• Ideas
  • Education

Former Obama Adviser Valerie Jarrett: ‘Tell Your Story. It Is What Makes You Who You Are’

17 minute read

Valerie Jarrett, senior adviser to former President Barack Obama, gave the graduation address at Spelman College on Sunday. See her full remarks as prepared for delivery below.

Good Afternoon.

Thank you, Roz, for that generous introduction. I am deeply honored to receive the National Community Service Award. I accept it on behalf of the many public servants with whom I have had the honor of working.

To Dr. Campbell, President of Spelman College, the Board of Trustees, the faculty, staff, and devoted alums, all who have contributed to the extraordinary Spelman experience, thank you.

To the parents, grandparents, family and friends, without whose support, and love, this day would not have been possible—thank you.

And of course, to the Spelman Class of 2017, this is your day. We are here to celebrate your accomplishments, and we are all so profoundly proud of you. Congratulations!

It may surprise you to know that I still remember many details of my college graduation day, a long, long time ago. The celebration the night before, right on the heels of finals, that left me exhausted on graduation day. How proud my parents were, except when they realized that I had not packed a single thing before their arrival. The lovely dress that I saved up to buy for the occasion, not focusing on the fact that it would be covered by a robe. My boyfriend, with whom I had recently broken up, who regrettably decided to show up nonetheless.

In fact, the only thing that I don’t remember is a single word my commencement speaker said. Truly. Not One Word.

I’ll try to do better.

Class of 2017, if you are feeling anything like I did when I graduated, you’re excited, but a bit nervous — even intimidated — about what lies ahead. Will you find just the right job in the right location? If you are continuing on to grad school, did you make the right choice? Will you fall in love with the right person? Will you have exactly the number of children you want, when you want them, if you want them? Will all of the hopeful plans that you have carefully crafted actually come to fruition?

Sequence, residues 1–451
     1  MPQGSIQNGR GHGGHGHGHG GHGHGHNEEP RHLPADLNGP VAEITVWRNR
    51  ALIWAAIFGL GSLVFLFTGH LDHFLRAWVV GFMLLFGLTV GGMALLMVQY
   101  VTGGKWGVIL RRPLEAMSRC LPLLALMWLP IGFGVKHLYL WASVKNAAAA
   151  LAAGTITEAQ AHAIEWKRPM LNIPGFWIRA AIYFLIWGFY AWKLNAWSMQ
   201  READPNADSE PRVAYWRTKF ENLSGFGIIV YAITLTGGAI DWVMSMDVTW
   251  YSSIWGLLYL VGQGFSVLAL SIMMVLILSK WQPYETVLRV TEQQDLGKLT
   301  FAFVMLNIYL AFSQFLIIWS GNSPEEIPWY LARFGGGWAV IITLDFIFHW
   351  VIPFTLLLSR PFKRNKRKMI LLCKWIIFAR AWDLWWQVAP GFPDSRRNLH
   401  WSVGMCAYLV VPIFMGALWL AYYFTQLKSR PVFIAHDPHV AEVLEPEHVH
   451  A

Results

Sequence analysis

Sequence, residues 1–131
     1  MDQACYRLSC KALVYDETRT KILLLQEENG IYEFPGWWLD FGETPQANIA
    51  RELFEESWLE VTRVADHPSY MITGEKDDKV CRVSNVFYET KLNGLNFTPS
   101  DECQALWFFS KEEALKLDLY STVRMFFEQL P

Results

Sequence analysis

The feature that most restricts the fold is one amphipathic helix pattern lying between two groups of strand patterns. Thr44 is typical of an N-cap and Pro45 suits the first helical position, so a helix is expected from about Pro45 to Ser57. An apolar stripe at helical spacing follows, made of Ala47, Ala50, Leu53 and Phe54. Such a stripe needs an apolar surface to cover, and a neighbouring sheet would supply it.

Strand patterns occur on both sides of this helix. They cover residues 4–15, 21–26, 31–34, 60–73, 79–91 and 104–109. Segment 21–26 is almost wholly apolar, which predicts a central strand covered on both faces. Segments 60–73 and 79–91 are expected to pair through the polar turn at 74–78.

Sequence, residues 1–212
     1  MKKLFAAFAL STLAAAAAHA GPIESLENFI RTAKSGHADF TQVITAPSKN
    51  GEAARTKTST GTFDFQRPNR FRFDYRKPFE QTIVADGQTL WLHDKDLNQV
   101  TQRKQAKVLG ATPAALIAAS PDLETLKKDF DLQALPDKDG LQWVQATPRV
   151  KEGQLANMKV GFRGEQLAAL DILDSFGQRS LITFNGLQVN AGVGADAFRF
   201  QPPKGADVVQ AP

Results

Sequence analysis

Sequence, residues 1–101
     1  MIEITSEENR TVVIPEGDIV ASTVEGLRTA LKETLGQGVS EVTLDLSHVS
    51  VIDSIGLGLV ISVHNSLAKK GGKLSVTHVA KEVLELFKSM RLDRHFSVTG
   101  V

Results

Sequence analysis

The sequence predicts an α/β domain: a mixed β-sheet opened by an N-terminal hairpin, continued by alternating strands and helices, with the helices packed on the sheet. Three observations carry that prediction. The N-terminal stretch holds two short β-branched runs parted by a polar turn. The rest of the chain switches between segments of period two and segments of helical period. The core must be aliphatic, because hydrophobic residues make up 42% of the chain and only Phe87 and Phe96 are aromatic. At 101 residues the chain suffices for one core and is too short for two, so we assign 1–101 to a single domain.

I cannot answer any of those questions. But I can tell you with certainty that throughout your life’s journey there will be unexpected delights and disappointments. Circumstances that may lead to a change in course. Some will no doubt underestimate and undervalue you. No matter how hard you work, and how prepared you are, there will be people who do not see you as we all see you today; gifted, beautiful, proud, and black.

But, when you are my age, my hope is that you’ll be able to look back knowing that you embraced your life, fully. Owned it. All of it. When you tell your story, and you must, you describe it honestly and completely as an adventure, with scary twists and turns, but throughout it all, you had the courage to focus only on your true north. That you did not let your mistakes, and there will certainly be some, define you. But rather, you’ll appreciate that they simply tested you, and helped your grow.

So many of you are first-generation college graduates so you have already made history by your achievement today. That you’ve all received this extraordinary education, in an environment that both nurtured, and challenged you, means you all are prepared to fulfill my hopes for your journey. The question is will you? And that’s up to you.

So to help you on your way, I offer some advice based on my story.

Let’s begin with me admitting to you that in my early adulthood, I did not own my life, or tell my story.

During my senior year of college, I made what I thought was the perfect plan. First, I would head straight to law school, then I would find the love of my life, marry by age 26, have my first baby by 30, ever mindful of my biological clock, and make partner at a great law firm by the age of 32. Sound familiar to any of you?

Well, I went straight to law school. I married the figurative boy next door. I practiced law at two prestigious firms. And my daughter was born just before my 29th birthday. Right on schedule, huh?

Not so fast! By age 30, my perfect marriage was… well, not at all perfect. And I had allowed my self-esteem to become intertwined with the success of my marriage. I defined myself as a part of a couple. Not as my own person. So when the reality that my marriage was crumbling sunk in, I crumbled too.